Page 4152 - Week 13 - Wednesday, 18 November 2015

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As the minister said yesterday in this place, we depend on apprentices and trainees in all aspects of our daily lives. It is interesting that elsewhere in her speech she talked about better industry engagement and the importance of closer stakeholder relationships. I would support those sentiments strongly. A reputable VET sector in which the community and industry can put their faith and trust is vital for a territory the size of ours. There need to be trust and transparency in the system for those receiving the training and delivering the training, and the general public also must have that trust, confidence and assurance.

When we plug in a toaster or turn on a tap, we want to know that the wiring has been installed safely and correctly; we want to be certain that the tap will turn off and on, and water will be delivered from a safe source. We take all of these things for granted in modern society, and we can afford to have that attitude because we know that there are qualified people responsible for delivering these services.

There are 100 RTOs in Canberra currently, all delivering certified training in one form or another and in one field or industry or another. I believe we have been fortunate—and I will stand corrected if it is not the case—that we have avoided the scams and scandals that have been attached to educational courses in other cities. Hospitality courses and trade courses have damaged Australia’s reputation as a training provider in some overseas countries and have caused many students to lose money and valuable time in gaining a qualification. As important as better industry engagement is, of equal significance is better service delivery and open and honest communication with apprentices and students undertaking training.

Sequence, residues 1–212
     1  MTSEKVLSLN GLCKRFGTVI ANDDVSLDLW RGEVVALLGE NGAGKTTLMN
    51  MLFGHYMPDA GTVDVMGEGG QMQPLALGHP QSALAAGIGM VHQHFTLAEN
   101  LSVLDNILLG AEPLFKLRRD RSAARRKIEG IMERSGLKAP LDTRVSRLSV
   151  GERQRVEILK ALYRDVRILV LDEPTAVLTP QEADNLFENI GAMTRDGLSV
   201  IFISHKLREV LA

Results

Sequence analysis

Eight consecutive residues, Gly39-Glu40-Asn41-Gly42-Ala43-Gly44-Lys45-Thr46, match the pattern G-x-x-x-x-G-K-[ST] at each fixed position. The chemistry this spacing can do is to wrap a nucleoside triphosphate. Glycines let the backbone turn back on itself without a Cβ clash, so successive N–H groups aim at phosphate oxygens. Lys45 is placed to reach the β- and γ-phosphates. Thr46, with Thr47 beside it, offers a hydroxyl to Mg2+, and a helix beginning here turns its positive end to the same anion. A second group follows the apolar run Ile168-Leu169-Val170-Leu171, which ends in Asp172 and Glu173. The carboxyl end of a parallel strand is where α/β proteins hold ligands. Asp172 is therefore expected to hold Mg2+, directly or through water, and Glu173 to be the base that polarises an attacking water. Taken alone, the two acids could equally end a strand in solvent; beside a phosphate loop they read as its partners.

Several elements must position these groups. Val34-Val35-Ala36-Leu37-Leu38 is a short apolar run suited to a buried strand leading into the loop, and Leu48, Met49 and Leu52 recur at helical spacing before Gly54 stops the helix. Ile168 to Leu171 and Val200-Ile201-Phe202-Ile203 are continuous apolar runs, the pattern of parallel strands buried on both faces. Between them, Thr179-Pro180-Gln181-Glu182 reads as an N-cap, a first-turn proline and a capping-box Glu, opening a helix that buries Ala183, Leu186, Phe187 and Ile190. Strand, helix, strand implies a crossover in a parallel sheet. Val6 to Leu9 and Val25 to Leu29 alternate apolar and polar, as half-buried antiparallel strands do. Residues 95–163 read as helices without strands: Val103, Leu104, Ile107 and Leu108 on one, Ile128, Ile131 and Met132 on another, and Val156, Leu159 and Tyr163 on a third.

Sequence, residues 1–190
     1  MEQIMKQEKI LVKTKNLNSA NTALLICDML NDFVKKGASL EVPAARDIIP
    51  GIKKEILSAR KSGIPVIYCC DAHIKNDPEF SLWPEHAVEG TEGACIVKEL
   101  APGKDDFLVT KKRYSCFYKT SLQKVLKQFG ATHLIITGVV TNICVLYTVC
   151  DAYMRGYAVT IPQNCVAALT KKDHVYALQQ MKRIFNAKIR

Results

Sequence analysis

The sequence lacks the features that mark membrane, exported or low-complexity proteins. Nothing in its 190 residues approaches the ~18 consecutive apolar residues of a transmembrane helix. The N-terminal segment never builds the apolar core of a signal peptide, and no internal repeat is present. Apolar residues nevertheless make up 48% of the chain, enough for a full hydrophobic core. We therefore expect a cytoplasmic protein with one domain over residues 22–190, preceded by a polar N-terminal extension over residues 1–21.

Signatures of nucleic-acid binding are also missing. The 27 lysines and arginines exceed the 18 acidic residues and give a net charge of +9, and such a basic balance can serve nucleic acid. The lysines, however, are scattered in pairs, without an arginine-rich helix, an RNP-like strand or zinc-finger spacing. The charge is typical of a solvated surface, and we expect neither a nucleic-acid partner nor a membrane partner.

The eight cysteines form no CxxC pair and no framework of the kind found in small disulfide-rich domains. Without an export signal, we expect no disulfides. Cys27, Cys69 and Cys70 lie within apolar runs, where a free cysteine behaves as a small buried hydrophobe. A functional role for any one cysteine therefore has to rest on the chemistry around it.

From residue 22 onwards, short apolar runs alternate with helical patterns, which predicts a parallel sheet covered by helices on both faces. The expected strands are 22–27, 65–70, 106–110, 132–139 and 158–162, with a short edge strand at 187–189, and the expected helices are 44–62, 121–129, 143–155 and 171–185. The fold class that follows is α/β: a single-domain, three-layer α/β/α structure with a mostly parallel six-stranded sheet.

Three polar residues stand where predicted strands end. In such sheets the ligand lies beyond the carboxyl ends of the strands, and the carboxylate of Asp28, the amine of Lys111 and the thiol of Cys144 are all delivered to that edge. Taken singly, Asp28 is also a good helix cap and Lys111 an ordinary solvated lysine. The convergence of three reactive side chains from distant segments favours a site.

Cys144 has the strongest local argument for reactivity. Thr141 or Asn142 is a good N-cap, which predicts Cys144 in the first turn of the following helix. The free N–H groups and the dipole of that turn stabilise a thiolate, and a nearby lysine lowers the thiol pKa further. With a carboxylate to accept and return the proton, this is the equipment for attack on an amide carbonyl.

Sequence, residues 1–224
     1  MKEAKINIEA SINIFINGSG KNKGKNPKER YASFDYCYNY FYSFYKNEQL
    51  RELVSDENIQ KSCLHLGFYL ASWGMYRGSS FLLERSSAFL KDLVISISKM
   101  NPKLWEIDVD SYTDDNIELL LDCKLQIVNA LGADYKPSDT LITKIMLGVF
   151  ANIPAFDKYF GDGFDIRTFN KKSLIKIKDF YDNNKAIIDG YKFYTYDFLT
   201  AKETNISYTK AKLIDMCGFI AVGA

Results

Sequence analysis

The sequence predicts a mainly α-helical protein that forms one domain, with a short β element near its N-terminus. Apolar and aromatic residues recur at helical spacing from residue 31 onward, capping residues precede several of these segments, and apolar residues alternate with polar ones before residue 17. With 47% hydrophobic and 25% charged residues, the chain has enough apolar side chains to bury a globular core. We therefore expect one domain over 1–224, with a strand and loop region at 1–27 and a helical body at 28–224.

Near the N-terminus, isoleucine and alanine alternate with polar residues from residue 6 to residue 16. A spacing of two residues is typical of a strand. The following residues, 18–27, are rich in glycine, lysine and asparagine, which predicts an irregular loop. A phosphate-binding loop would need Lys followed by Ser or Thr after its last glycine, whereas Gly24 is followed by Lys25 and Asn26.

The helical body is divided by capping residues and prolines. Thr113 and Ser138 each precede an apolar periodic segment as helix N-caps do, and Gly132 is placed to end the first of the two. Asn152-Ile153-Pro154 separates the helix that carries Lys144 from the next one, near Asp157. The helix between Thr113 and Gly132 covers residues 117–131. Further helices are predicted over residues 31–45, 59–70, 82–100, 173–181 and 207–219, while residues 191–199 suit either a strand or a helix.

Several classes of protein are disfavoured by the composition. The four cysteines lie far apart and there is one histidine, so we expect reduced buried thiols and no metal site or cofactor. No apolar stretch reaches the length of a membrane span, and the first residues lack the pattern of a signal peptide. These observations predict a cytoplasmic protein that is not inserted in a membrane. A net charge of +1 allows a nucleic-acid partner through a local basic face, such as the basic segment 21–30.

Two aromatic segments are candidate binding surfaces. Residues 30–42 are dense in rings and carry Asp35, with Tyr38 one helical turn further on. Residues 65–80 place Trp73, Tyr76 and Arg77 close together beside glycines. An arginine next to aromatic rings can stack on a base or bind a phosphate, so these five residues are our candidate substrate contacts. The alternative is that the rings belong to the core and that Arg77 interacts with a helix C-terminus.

In Canberra we have one large publicly funded RTO, and that is CIT. I have been known to question quite strongly some of their practices and policies, their fee structure and their staff management. I have challenged them to explain why some courses are abandoned while others continue. But above all of that probing, I also believe it is vitally important that Canberra’s own Institute of Technology be the best it can be to deliver quality education and training, and it is incumbent on all of us in this place to ensure that it is and to help it get there and stay there.

Some years ago I fought to prevent CIT merging with the University of Canberra. The government at the time seemed very keen on such a merger. I said at the time that it would be disastrous for both institutions, and I am still of that view today. I am pleased that the merger did not proceed and I believe CIT is the better for it.

Ms Fitzharris’s motion mentions the new governance arrangements at CIT. The new board chair was appointed in July and I understand there are still a couple of vacancies to be filled. I also note the new board and governance arrangements for CIT Solutions. I recall at the time querying how the two would work together but I understand there is now a clearly defined responsibility pathway. I welcome the new arrangements and I wish the new board every success.

I trust and would urge the new board of CIT to satisfy themselves, as I am sure they will, that their students are happy in their training, and that they believe they are receiving quality education and are being well supported. I hope that CIT’s failings in not being as open and as communicative as they might or should be with their staff

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